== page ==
The Digital COVID Certificate will include information about the COVID-19 status of travelers: proof of vaccination, proof of having recovered from COVID during the last six months (180 days from the initial positive test), or a recent (72 hours) negative test result, which can be a either PCR test, a rapid antigen test that relies on detection of viral proteins (less than 48 hours), or an antibody test that shows a person has been exposed to SARS-CoV-2 and developed immunity against it, according to the legislative resolution adopted by the European Parliament.

The information will be accessible to the authorities via a QR-code either on a smartphone app or in printed form. Three different certificates will exist, proving vaccination, recent SARS-CoV-2 negativity or recovery during the last six months, which appears to mean that the authorities will have immediate visual access to personal health information.

The European Union will also contribute €100 million in EU funds under the Emergency Support Instrument (ultimately contributed by taxpayers in the EU) for the purchase of tests, while the member states are encouraged to ensure that testing is affordable and widely available.

In the press release issued by the European Parliament, the EU made clear that the certificate will be issued free of charge by national authorities and that it will comply with the EU digital privacy provisions (“certificates will be verified offline and no personal data will be retained”).

However, they necessarily contain private data, prompting citizens’ organizations across Europe to voice their concerns about the possible abuse. EDRI, one of those networks, stated early on that “only offline verification with pre-downloaded signature keys” should be allowed, thus avoiding the creation of a central record of “who was where, and when.”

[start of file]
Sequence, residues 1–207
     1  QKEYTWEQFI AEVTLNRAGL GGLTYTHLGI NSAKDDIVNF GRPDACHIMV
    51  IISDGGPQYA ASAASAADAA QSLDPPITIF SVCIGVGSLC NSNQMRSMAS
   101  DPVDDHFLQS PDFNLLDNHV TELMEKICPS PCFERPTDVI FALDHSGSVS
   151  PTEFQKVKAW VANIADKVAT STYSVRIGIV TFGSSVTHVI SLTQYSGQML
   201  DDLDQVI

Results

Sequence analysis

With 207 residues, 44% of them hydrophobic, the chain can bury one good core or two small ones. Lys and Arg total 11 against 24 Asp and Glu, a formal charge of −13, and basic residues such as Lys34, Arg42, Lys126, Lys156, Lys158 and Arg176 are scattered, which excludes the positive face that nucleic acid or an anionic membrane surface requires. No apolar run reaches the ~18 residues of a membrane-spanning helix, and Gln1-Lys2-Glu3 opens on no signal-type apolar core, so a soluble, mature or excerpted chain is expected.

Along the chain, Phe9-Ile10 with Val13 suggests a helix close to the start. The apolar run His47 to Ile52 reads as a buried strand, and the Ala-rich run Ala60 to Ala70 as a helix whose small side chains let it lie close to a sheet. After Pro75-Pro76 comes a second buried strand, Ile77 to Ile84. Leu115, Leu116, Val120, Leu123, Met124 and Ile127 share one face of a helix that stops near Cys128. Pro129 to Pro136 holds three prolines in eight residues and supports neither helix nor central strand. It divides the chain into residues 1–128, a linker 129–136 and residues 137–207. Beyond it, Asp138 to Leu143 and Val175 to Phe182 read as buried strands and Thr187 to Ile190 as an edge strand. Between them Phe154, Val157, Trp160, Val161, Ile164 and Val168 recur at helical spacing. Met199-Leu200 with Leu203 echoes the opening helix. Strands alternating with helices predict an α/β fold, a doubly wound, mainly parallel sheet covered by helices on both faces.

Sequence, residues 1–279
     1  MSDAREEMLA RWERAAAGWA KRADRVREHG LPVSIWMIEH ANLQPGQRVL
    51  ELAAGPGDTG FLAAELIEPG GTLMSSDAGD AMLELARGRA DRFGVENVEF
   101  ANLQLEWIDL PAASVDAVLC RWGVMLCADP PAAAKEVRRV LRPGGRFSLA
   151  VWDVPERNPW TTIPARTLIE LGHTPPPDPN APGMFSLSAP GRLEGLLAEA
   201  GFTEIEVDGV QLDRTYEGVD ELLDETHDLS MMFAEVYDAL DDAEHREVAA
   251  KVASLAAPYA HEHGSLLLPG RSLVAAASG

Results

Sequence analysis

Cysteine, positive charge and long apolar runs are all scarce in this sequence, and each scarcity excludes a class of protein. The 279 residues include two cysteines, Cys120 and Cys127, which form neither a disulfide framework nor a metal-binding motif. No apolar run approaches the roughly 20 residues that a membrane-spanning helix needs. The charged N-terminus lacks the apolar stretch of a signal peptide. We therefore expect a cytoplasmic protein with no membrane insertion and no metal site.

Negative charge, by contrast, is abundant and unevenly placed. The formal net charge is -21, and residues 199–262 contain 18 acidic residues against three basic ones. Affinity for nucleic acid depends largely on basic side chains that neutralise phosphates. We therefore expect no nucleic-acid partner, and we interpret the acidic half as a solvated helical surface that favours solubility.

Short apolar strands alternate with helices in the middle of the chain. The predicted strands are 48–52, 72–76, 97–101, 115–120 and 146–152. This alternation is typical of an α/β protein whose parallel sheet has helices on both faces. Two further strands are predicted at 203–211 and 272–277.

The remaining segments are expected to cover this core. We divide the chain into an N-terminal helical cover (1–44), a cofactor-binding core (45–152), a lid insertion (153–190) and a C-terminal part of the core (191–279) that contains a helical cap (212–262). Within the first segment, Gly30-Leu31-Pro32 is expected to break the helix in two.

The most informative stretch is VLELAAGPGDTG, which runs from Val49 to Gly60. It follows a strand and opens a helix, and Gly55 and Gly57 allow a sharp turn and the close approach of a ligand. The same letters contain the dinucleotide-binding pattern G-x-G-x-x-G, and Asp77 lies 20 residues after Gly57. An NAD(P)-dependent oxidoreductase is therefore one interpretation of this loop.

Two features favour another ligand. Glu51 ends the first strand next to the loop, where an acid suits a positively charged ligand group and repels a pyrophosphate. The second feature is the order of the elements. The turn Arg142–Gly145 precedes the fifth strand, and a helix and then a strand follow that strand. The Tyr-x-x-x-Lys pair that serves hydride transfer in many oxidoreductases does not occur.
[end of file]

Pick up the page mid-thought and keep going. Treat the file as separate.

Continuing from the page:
Of course, Smartphone connections and possible surveillance already provide a lot of information on that count. But the European rules seem to have taken some of the new concerns into account.

EDRI noted on April 29 that the COVID pass does represent a risk for “data protection and new forms of discrimination.” It stated:

Another issue that we find concerning is the uncertainty of the technology behind the certificate. It exposes individuals to the risk that extensive data records will be created on them. And this does not just concern vaccination and recovery status or past test results, as one might expect. Without the safeguards that the European Parliament has decided on, it would be technically easy to collect and store in a centralized location profiles of people’s movements, religious affiliation or even information about what they do in their free time.

Some EU member states, such as Denmark, Austria or Hungary, have already announced that they intend to also use this system to allow admission to restaurants, religious sites or sports facilities. This is where a potentially incendiary control infrastructure can be set up, allowing authorities to not only to track people's access to social events, but also giving them the potential to monitor the entire population’s every move.

How effective will the safeguards be that are set up for the European Digital Certificate? Will vaccination freedom be upheld in the long run? If this is not the case, all the instruments of control will already be in place. Already, a “common EU framework” is being set up to “make certificates interoperable and verifiable across the European Union,” as well as to prevent fraud and forgery.

To date, Bulgaria, the Czech Republic, Germany, Greece, Croatia, Poland, Spain, and Lithuania have connected to the European Certificate gateway and have already started issuing the passes. Other member countries may be given an extra six weeks until mid-August in order to prepare to issue certificates.

Local passes are being implemented in other European countries: as of this Wednesday, for instance, French nationals must exhibit a “sanitary pass” (giving the same kind of information as the EU Certificate) in order to join an indoor event with more than 1,000 participants.

Non-European nationals who want to travel to the EU can also obtain the EU Certificate, and it is expected that this will later be integrated into a larger international system.

The European resolution was approved by 546 votes in favor, 93 against, and 51 abstentions regarding EU citizens, and 553 votes in facor, 91 against, and 46 abstentions regarding non-European nationals.